Q11: Can I just put three questions: the first one is, the dissolution of the monasteries was a sort of major event; is that not under-represented, and how does that fit in with your social thesis about feudalism and so on? That's point one. The second point I wanted to ask is, I heard of someone promoting a Shakespeare book, a chap called Wilson, who said that in effect you're calling Heminges and Condell a liar. They were honest churchwardens. I'd like an answer to that. The third one actually was related to - I remember seeing you on TV [to Bokenham] .. cloud cup'd towers, the misquotation in the Westminster Abbey memorial by Pope, I think it was, which has been deciphered.. to get Bacon out.

CB: The first point was the dissolution of the monasteries, you were saying how does that key in with Shakespeare?
Q11: Yes, it seems under-represented
CB: Well, I don't think it necessarily, I mean de Vere for me was of Catholic upbringing, and of course whoever the plays were written by was emotionally attached to Catholicism, you know, he's obviously attached to the friars and that whole church fraternity. But, he's not really religious in any sectarian sense; that's the great thing about Shakespeare. He takes spiritual forces from antiquity, pagan forces, Christian forces, right across the board, and melds them together. So I think it's futile in one sense to ask is Shakespeare Protestant, is Shakespeare that. But I think there are a number of things in the plays - for instance in King Lear - one of the things that happened in the dissolution of the monasteries, and also the disbandment of the feudal aristocracies, - was you got a lot of homeless people, rather like in Mrs Thatcher's time; the two are very similar in a way, and disenfranchised people, and of course in King Lear you do have this - the mad court of the heath, Tom disguises himself as a Bedlam beggar and so on, and I think that what he's saying there is that this has affected all classes, because a lot of those people in those monasteries, they could be younger sons of the nobility and what have you, so I think there's a great sympathy there, and I think that what he's done is assimilated the history of the past, and brought out a new philosophy which I would call neo-feudalistic, so he's not maudlin about the past, but he's determined to use it fruitfully in expressing a new philosophy.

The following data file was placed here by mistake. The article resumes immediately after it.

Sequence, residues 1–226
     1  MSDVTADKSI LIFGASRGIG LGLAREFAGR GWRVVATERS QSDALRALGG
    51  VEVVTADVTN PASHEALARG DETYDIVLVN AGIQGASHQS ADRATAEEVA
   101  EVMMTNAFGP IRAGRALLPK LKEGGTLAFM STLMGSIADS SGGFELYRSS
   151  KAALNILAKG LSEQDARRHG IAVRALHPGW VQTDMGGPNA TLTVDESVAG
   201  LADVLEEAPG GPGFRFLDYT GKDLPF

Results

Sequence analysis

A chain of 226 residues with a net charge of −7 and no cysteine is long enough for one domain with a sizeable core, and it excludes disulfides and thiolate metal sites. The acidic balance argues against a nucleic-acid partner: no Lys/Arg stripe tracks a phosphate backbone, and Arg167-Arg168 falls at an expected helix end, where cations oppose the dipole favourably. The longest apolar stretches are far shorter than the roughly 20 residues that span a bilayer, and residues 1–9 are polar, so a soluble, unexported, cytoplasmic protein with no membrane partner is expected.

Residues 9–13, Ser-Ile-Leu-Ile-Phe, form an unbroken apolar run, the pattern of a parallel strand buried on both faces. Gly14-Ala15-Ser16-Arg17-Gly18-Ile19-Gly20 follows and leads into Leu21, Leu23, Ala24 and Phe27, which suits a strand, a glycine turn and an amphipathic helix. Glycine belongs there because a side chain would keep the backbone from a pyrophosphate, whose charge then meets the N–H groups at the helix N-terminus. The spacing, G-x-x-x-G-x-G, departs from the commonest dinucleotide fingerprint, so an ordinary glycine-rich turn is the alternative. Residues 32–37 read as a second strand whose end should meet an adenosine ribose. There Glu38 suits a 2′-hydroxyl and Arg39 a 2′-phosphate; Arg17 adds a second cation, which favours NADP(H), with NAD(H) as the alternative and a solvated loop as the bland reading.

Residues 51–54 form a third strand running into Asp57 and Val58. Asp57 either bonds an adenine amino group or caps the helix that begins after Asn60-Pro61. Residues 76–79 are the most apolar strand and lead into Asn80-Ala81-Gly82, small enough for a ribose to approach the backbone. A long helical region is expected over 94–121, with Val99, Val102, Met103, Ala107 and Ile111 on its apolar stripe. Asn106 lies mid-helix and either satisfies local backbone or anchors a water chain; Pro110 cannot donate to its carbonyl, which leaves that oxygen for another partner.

I've never accused Heming and Condell of being liars; what I say is Ben Jonson is the, is the, tricky person. He used their names to make the connection between the prefatory letter to the first folio and the clause in the will in which Shakespeare leaves money to Heming, Condell, and Burbage. But remember that clause in the will is in a different hand, and it's interlineated, and it's not signed by a lawyer or a testator or what have you. So I think that's Jonson's handiwork, really. Heming and Condell may not even have been informed. They were just dupes to that, basically. And the letter which they signed, is full of the sort of show-off classical brilliance that Jonson loved to use. And Heming and Condell were not educated people. One of them became a grocer when he retired from the theatre, and the other I forget what he was; but they were probably not even literate. Most of the actors weren't. So; you're third question was?
Q11: .. about the cloud cup'd towers misquotation.. by Pope I think..
CB: Yes. ?Bouquet. The gentleman is referring to the Westminster Abbey monument of Shakespeare which was erected, what, around 1740, that sort of time, and there is a quotation from The Tempest, which is in fact a misquotation. It's a misquotation in many respects. And I agree with Mr Bokenham that that must have some very precise significance. What it is I don't know, but it is very interesting that whenever Shakespeare comes up, whether it's the monument in Stratford church, whether it's the monument in Westminster Abbey, there's always something very mysterious. So, again, that's another thing I would like to see scholars address, a question like that. They tend to ignore issues like that, but they are important, I think

BOKENHAM: May I butt in for one moment. ? in the programme was that the Shakespeare monument at Stratford also contains the same message. Francis Bacon was the author

BURFORD: Huh! Well, I hate to end on that note! But we can eat and drink as friends, now


WOMAN IN AUDIENCE: .. thank Charles.. so as a very convinced de Vereist, I'd like to say jolly good!

BURFORD: Oh! Thank you! Thank you very much!

Sketchy Notes

OCEL refers to the Oxford Companion to English Literature:-